March 2, 2015

Today New York City unfroze. You probably noticed. I’ve been away for a good part of 2015; when I got back home at the beginning of February, the terribleness of the winter was already a point of conversation. By last week it had become philosophical news.

There were icebreakers on the Hudson and some spectacular photography like this AP shot:

But the rivers never completely froze over. I’m blue from cold, but a part of me wants to see that. I want to walk along Riverside Park, look out towards Jersey, and get an eyeful of this:

Or some version of it. And just the term: ice bridge. It has happened plenty of times, much more often on the shallower East River than on the Hudson. The increased salinity and big ships (and the relative warmth?) make it almost impossible these days.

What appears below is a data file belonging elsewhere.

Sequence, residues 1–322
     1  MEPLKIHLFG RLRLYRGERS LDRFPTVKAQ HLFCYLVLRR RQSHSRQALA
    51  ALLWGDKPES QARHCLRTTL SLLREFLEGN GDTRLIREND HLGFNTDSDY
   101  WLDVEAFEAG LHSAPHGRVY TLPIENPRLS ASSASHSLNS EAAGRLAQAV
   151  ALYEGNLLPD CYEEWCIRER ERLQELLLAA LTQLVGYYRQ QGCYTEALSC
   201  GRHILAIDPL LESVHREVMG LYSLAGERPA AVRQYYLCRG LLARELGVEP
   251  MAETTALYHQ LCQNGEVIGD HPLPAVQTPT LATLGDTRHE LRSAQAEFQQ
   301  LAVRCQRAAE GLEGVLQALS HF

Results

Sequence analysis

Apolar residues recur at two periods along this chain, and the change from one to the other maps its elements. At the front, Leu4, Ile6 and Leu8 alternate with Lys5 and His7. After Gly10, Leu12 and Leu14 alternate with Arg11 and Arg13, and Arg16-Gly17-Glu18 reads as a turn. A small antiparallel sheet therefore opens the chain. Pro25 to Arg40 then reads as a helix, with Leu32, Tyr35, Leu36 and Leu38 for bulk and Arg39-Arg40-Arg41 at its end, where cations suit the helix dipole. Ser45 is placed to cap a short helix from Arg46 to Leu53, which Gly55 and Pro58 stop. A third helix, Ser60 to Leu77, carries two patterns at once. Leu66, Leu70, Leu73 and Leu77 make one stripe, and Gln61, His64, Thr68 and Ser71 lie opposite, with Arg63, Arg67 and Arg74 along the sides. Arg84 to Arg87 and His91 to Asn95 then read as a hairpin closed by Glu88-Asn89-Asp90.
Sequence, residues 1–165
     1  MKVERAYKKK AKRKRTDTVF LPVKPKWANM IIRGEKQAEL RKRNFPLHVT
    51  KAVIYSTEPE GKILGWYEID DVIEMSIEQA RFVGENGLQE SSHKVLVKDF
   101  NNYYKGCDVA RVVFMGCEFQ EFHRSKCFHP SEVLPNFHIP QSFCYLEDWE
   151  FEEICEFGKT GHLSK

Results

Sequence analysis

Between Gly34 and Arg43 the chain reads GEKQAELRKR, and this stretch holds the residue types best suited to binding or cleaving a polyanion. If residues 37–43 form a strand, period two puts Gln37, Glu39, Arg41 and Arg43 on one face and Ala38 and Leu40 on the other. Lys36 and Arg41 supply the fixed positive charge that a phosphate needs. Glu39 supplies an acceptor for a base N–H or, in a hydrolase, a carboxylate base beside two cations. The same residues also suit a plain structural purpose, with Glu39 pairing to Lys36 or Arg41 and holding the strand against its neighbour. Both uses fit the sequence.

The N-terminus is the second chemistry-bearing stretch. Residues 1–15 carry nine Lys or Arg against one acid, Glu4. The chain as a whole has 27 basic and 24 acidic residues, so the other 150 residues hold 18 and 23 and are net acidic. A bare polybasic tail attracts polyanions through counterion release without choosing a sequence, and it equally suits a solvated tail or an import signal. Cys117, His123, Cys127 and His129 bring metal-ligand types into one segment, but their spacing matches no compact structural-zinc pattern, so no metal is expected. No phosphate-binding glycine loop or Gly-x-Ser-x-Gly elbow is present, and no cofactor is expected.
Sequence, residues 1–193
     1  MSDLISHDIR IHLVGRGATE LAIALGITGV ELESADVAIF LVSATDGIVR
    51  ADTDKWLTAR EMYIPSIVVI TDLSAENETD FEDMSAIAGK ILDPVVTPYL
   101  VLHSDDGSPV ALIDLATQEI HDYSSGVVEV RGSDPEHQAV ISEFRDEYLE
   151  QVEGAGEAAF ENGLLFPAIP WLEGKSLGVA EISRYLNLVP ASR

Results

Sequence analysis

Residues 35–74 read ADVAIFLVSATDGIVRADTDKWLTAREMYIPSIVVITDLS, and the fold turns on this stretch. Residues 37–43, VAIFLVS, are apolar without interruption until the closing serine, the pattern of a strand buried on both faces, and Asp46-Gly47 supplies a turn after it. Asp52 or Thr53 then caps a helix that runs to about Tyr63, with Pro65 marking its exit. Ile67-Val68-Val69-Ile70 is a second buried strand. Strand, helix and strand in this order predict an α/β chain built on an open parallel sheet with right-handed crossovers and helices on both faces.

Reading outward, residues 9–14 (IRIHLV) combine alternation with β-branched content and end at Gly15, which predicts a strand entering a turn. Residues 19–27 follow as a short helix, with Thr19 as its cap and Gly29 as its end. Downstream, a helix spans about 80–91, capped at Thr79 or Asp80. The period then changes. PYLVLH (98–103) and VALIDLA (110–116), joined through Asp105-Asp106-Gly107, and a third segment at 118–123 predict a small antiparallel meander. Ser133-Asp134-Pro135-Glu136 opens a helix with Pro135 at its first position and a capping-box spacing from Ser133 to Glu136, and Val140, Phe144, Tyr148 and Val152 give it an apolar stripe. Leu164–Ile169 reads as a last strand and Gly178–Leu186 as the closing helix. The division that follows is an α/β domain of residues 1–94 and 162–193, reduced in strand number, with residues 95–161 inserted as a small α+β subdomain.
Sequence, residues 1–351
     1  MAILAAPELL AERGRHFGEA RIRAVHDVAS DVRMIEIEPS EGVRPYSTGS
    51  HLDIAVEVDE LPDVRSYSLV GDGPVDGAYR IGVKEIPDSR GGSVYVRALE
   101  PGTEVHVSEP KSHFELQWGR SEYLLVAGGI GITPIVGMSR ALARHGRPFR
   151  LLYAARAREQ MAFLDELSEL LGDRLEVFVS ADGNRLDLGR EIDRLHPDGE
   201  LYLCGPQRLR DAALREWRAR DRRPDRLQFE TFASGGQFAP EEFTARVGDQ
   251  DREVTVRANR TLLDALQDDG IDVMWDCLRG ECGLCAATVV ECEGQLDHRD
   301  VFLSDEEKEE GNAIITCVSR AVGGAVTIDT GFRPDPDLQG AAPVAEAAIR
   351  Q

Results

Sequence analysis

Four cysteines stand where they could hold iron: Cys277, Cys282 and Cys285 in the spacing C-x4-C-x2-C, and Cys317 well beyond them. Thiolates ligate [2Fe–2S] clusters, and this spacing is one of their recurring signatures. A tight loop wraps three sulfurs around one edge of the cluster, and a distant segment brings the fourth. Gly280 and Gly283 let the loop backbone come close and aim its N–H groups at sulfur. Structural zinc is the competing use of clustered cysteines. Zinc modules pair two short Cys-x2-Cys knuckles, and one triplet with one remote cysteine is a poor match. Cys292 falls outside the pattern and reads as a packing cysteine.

Here, for perspective, is a rundown of all the major times you could walk between Brooklyn and Manhattan on solid ice, as reported by the New York Times since its founding.







For even more perspective, that last ice bridge was from the East Coast blizzard of 1888, the only one in American history called “Great.” The snowdrifts in Manhattan reached 30 feet.

But enough of winter. We’ve unfrozen. It’s March, the month of my favorite New York City weather phenomenon, one without a name. It’s the morning you walk out and notice that, although certain trees have been quietly budding for days, now is the precise moment when there is a green tinge to the general air. My money’s on March 29.